By on May 8, 2008

gm-crash-test-saabpx300.jpgApparently there are those that would disagree with you. The Local (in Sweden) is reporting that Claes Tingvall, a car safety specialist, told the newspaper Expressen that GM used human cadavers in a multi-year research project (imagine the smell) to test the safety of their vehicles, possibly on the Saab side of the house. In the ultimate gesture of brand devotion, all ah… participants… allegedly donated their bodies to the cause (no word on if any of them met an untimely end whilst in a GM vehicle). GM and Saab are refusing to acknowledge any tests using their most loyal customers… er, dead human bodies. I've heard of "Cradle-to-Grave" strategies, but does GM build a car that even a dead person could drive? I think Lexus has one. Anyway, the whole thing sounds fishy. Dead men tell no tales, and while you can dissect and glean facts from trauma, there's a reason why crash test dummies are so expensive. They're specially designed to measure stresses and forces from the inside in a quantifiable way, which is more useful than a "He's dead, Jim," from an autopsy tech. I like cars,but I guess I'd rather donate my body to real science, not to a bunch of yokels in lab coats that are going to strap me into (God forbid) a G5 and run it repeatedly into walls to test the effects of excrement-based interior materials on human flesh. 

Get the latest TTAC e-Newsletter!

26 Comments on “If you’ve ever said you wouldn’t be caught dead in a GM…...”


  • avatar
    improvement_needed

    maybe to test battery fires in a ‘volt’ on human flesh… ;)

  • avatar
    g48135

    There’s a very good reason that crash test dummies look the way they do.

    Those blank stares…

    The showing vertebrae…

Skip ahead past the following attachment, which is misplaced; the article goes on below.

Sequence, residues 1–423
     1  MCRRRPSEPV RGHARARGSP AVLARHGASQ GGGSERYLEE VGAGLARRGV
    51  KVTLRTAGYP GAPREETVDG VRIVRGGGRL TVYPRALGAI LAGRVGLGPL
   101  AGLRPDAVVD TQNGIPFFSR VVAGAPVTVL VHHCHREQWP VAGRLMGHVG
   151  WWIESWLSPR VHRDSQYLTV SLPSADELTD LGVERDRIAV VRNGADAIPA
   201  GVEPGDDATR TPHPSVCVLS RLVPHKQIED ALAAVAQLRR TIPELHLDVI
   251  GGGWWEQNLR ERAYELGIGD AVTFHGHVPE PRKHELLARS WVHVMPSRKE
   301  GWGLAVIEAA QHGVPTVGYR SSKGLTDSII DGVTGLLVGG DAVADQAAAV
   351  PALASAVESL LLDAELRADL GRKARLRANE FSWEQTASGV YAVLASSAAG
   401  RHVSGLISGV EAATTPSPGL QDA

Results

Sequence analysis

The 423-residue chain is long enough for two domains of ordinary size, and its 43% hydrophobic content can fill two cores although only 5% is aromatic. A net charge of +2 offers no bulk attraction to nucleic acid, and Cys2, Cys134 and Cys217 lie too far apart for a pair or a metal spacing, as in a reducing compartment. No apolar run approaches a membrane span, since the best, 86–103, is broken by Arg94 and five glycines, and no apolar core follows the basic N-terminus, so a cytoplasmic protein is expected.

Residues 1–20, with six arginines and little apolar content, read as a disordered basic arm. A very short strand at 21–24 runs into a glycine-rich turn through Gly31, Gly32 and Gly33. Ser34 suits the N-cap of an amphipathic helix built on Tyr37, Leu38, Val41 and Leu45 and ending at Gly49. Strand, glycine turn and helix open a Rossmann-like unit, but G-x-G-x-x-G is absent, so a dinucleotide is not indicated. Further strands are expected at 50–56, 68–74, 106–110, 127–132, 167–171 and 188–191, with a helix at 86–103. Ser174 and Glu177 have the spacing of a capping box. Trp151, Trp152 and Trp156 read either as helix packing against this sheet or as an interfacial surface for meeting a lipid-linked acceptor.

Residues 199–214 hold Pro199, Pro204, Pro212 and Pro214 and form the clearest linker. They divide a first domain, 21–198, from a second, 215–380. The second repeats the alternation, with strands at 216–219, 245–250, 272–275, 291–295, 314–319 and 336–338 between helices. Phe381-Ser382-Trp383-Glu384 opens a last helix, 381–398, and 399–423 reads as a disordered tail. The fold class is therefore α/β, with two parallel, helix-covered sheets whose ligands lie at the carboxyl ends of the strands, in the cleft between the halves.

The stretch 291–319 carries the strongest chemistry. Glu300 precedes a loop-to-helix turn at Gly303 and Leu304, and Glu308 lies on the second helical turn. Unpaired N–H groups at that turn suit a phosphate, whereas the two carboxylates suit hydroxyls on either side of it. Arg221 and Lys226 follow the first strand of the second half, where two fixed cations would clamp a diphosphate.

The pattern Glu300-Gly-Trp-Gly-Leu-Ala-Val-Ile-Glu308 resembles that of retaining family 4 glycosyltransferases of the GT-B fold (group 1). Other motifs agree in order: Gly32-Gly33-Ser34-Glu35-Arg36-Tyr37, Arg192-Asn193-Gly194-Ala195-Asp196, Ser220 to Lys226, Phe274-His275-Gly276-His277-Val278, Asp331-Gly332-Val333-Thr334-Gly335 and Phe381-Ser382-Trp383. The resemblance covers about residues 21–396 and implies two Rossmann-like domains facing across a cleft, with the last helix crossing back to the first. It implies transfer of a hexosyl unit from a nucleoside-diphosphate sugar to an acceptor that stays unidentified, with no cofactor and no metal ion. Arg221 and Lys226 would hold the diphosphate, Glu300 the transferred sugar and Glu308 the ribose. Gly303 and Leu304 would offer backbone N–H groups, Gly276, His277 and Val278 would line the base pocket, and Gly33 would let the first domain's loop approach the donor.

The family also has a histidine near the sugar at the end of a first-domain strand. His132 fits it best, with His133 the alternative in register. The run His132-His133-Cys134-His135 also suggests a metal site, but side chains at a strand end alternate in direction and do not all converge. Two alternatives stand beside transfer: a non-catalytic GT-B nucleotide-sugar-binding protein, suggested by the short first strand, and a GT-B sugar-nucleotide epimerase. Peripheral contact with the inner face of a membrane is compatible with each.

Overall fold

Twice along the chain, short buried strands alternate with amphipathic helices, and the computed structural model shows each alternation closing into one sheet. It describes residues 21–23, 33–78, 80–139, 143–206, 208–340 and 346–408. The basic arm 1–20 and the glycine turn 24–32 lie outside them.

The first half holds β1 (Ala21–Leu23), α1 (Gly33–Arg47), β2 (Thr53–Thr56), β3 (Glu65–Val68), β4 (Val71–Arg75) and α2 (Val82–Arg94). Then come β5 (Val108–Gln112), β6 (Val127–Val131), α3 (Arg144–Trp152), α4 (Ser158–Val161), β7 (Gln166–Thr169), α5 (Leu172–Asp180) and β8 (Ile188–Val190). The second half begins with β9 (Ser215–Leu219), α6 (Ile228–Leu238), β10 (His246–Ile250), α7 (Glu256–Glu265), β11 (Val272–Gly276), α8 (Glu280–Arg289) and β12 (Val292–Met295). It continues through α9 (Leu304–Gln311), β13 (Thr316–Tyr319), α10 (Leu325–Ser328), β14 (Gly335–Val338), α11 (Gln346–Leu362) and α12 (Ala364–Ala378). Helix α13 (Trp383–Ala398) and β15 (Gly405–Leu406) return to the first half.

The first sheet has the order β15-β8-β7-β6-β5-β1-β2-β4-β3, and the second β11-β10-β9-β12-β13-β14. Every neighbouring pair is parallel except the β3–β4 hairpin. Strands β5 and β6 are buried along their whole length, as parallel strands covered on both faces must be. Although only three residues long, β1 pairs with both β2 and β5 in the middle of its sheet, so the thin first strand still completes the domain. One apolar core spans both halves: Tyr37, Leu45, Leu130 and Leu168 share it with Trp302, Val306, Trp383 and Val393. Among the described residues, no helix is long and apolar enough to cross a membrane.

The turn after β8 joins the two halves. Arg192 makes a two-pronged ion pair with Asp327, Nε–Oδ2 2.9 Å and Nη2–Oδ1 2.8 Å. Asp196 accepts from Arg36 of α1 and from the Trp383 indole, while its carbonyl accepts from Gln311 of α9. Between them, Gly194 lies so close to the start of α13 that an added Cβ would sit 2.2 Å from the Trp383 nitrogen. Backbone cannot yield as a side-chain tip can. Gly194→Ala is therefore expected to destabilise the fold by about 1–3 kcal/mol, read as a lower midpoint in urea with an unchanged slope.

The joints that seem to flop everywhere…

    The “dead” weight (lol)…

    Its by no means an accident (pun intended) that crash test dummies look as close as possible to dead bodies.

  • avatar

    Maybe they were just Buick customers that were a little too old…..

    John

  • avatar
    gawdodirt

    At least THEY are testing real world.

    That math stuff goes bad fast. Ask a Crown Victoria owner.

  • avatar
    Lumbergh21

    This can’t be real. As pointed out already, it woudln’t serve the prupose of using real crash test dummies, measuring the forces that the body is subjected to under given circumstances.

  • avatar
    Mj0lnir

    Lumbergh21-

    No, but it might give better slow-mo evidence of how a human body reacts during a crash, and it’s probably cheaper to buy a dead american than build a 250 pound, anatomically correct dummy.

    It probably also does a better job demonstrating penetrating, cutting, and burning injuries that a plastic dummy outfitted with accelerometers can’t show you.

    As a bonus, it’s easier to strap a cadaver into a Cobalt than a dead pig. Or so I’ve heard.

  • avatar
    Skooter

    Megan- big fan of GM and the G5. Excellent contribution here. Isn’t this a bit of a reach?

  • avatar

    Searching Swedish words, plus the spokesman for the traffic authority’s name, turns up some references outside the local, actually. Two of the major, national newspapers have the story. There is no confirmation that Saab was directly involved, but GM is said to have performed such tests.
    Heidelberg University in Germany has also used cadavers for crash tests.

    The Swedish insurance company Folksam and Saab have had a decades long collaboration where Saab engineers have been allowed to study automobiles where fatal or serious injury occurred, and where they have also conferred with medical staff, coroners, etc., in order to gather as much information as possible about how to prevent injuries.

    The database contains information on thousands of such automobile accidents.

    Don’t think this refers to that, though.

  • avatar
    eamiller

    I don’t know why this is so newsworthy. Anyone interested in the history of crash testing knows that cadavers have been used in place of dummies since the beginning. Crash test dummies are good, but they are far from perfect human stand-ins. The joints and skin are very close approximations, but are such none the less.

  • avatar

    @eamiller

    Yes, and dummies were developed because they’re actually better, allowing for exact telemetry measuring stress forces with greater precision.

  • avatar
    hltguy

    and the cadavers are eligible for zero percent interest loans at their local GM dealer…..

  • avatar
    Stephan Wilkinson